Disclosure: I backed Mighty No. 9 on Kickstarter at the $20 tier.
Megaman X and its sequels were among some of the staples of my gaming years while growing up. Not having a console, I played them on the PC with a keyboard all the while dealing with lack of key rollover that made games, especially platformers, difficult to control. In spite of the control issues, I soldiered on, enjoying the experience of Megaman as he took down bosses, acquired their weapons, and made his way through the myriad of themed levels that defined the game's signature design.
I was delighted by the news that the series' creator, Keiji Inafune, wanted to make a spiritual successor to Megaman. He wanted to do so through Kickstarter, and pledging money towards the Mighty No. 9 campaign seemed like a no-brainer. Seeing the concept art for the game Comcept had planned sold me on their vision.
Games don't always look like their concept art, but it exists as a goal for games to shoot for. While it's not wrong for a game to slightly differ from its creators' intended vision, the problem with Mighty No. 9 is that the devs at Comcept's shot has missed the mark—so much so that the game looks like an early PS2-era 3D title. The game doesn't look like it belongs on the current generation of consoles.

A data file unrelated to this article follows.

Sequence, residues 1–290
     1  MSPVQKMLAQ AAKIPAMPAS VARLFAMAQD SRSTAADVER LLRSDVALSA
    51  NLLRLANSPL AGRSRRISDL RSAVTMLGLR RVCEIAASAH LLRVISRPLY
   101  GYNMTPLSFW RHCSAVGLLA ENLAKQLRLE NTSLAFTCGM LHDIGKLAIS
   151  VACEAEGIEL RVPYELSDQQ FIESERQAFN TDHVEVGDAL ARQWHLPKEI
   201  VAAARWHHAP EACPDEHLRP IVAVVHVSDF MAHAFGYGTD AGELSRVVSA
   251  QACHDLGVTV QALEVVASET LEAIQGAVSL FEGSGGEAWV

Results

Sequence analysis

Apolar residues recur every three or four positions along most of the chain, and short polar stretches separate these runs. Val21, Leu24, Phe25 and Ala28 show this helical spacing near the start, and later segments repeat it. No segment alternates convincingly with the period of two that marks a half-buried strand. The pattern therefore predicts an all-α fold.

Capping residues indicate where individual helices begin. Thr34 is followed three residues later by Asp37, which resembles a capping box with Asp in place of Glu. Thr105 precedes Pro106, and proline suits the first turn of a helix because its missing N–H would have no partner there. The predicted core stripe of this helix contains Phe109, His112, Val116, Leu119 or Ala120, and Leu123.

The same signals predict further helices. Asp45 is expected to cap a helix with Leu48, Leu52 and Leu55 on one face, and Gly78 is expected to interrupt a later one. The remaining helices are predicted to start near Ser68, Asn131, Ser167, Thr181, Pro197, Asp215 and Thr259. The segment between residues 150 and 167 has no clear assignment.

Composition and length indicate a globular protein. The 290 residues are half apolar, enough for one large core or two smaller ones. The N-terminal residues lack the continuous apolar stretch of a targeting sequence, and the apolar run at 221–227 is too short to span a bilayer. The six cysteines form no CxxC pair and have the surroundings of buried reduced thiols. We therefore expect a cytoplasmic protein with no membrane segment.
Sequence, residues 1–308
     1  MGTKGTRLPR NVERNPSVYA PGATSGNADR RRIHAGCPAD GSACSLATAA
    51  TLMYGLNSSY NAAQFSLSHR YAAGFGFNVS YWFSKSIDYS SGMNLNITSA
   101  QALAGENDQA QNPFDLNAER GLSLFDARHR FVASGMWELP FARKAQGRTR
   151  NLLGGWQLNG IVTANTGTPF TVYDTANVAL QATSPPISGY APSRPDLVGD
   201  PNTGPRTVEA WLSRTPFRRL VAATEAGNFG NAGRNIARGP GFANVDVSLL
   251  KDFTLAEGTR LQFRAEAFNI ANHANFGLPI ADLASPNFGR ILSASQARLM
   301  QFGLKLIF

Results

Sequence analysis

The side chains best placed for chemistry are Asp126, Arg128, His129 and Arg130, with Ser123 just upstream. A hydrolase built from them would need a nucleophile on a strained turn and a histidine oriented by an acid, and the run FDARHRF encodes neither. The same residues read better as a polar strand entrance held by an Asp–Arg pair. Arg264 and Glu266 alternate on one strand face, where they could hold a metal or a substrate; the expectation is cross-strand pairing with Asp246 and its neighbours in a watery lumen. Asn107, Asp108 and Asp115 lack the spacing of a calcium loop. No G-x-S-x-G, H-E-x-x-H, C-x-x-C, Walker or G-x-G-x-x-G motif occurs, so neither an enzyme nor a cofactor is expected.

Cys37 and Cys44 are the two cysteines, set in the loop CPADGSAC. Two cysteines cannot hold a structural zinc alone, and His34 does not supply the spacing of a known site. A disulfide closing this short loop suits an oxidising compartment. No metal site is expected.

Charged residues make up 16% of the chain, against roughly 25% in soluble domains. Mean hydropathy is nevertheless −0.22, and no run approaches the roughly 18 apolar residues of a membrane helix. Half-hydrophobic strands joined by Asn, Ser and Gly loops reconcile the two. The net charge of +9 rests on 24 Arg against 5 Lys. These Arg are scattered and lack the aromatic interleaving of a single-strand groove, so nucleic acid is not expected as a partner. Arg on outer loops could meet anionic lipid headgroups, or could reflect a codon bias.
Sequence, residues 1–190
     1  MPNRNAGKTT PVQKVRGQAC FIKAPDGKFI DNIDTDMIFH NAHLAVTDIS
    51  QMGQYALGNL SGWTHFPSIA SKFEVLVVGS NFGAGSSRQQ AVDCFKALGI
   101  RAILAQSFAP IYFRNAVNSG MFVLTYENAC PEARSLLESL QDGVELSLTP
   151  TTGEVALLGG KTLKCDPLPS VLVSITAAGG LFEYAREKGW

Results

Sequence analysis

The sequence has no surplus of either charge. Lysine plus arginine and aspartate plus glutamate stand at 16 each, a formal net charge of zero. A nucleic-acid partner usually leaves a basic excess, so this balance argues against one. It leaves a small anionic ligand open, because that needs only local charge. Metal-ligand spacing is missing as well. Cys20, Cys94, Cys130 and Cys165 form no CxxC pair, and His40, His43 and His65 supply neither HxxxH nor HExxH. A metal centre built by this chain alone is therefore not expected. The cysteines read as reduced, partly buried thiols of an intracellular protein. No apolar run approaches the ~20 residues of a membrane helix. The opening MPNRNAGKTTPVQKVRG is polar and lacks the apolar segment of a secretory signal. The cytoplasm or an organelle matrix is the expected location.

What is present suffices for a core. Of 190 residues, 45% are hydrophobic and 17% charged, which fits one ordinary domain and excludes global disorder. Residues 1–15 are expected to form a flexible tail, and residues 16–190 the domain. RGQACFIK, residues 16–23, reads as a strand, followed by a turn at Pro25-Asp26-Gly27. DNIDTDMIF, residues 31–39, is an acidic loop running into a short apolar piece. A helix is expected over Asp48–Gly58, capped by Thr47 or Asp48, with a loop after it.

I was disappointed by what I've seen, and experienced of the game. Screenshots detail that the game looks nothing at all like the original concepts, which show a vibrant, colorful aesthetic with lots of post-processing effects.
See this concept art?
The game looks nothing like that. Instead, it looks like this:
How it plays isn't much better. Simply put, it’s uninspired. The level aesthetic is made up of “generic robot stuff” and the level design consists of running through a straight corridor with little to no platforming. It's especially disappointing to play a game that plays this poorly considering the pedigree of its developers. You can watch a newly released 12-minute gameplay video showcasing exactly what I mean. Footage was taken from a “post-beta” build of the title, and it doesn’t look like anything’s changed since I played it.
Banking on nostalgia is all well and good, but modern games need to deliver modern experiences. As it is, Mighty No. 9 looks like a retro game from the wrong era and plays just as poorly. Furthermore, it fails to live up to the standards set by the Megaman games.
The game is planned for release on September 15, and judging from how development has been shaping up over at Comcept, it's hard to see any of these criticisms addressed before the game's release.
Given how mixed the reception of Mighty No. 9 has been leading up to its release, its potential failure may disillusion backers of large Kickstarter or other self-publishing ventures from backing future titles. Caveat emptor.